Monday, May 23, 2011
Is Torii Hunter a foundation for the offense?
By Mark Saxon
Torii Hunter spent the early part of his career as a defensive whiz who tended to sting an opponent as frequently while roaming the outfield as in the batter's box.
He's always wanted to be an elite hitter that a manager could build a lineup around. He wanted it so badly, in fact, he tried to be somebody he wasn't.
Absent Kendrys Morales all season and Vernon Wells for the past couple of weeks, Hunter expanded his swing and, sometimes, expanded his strike zone. The result was one of the worst two months in his major-league career. Rock bottom was Thursday in Seattle, when Hunter lost a pop-up in the sun to lose the game and went 0-for-4 to drop his average to .218.
"He's too good a hitter to, I think, stay down as long as we saw," Angels manager Mike Scioscia said.
For the first time this season, Hunter looks like he's found it. He slammed two doubles to right-center field Monday night, including the one in the eighth inning that pushed across the go-ahead run in the Angels' 4-1 win over the Oakland A's.
Since that day in Seattle, Hunter is 7-for-15 with six RBIs and, as Scioscia put it, his swing has more "crispness" to it. Merry crispness, in fact.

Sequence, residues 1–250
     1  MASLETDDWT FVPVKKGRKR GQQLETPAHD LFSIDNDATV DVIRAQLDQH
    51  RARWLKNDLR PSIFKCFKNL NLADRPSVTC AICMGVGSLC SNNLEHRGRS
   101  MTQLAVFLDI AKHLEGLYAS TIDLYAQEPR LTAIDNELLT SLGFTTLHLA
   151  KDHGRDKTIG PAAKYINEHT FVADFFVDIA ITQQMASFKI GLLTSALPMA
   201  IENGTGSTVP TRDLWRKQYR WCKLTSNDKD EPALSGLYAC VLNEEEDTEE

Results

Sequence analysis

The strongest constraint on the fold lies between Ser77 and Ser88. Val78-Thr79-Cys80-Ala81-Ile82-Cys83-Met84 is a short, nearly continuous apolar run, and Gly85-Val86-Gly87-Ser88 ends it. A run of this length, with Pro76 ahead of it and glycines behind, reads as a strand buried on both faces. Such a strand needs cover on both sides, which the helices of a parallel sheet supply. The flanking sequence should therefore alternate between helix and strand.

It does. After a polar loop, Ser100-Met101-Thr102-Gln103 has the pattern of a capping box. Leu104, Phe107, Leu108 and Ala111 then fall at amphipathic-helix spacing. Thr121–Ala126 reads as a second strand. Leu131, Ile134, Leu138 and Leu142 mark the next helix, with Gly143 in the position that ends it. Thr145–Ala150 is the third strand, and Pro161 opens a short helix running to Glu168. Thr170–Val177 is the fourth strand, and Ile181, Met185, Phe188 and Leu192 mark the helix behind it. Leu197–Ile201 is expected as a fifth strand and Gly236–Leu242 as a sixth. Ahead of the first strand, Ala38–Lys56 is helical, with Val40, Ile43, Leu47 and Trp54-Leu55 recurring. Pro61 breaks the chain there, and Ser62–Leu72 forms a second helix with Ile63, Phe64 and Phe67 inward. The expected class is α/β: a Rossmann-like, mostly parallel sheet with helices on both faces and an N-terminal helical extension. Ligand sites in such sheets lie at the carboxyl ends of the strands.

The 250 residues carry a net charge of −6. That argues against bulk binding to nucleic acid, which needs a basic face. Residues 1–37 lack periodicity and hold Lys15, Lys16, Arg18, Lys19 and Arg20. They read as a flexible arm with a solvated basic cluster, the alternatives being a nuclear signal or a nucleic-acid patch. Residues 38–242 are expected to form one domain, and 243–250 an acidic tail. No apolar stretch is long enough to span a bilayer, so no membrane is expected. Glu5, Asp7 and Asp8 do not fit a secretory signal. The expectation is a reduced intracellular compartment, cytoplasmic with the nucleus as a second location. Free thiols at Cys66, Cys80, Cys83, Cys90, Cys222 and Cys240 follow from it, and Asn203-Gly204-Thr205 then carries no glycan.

"That's why you have elite players, because they know how to step up and that's what I wanted to do," Hunter said. "Maybe I tried to do it a little too much, but that's the only way I know how to play: hard as hell."
For much of last year, Hunter plugged away with scant protection after Morales collapsed on top of home plate: He led the team in batting average (.281), total bases and RBIs (91).
The Angels are a far more menacing team if they can find a way to blend in Hunter to a deeper mix of hitters. Right now, with Wells and Howie Kendrick injured, he's standing out as the only veteran hitter with power. Scioscia thinks this offense has more potential than it's showing right now, but that's not a particularly high bar. The Angels have scored more than four runs in a game just once in the last 12 games.
The Texas Rangers just welcomed back their two most dangerous hitters, Josh Hamilton and Nelson Cruz, and each homered in his debut Monday. The days of middling around at .500 and contending in the AL West might not last long, so the Angels have to find more offensive continuity.
"There's definitely more there," Scioscia said. "I sure hope there's more."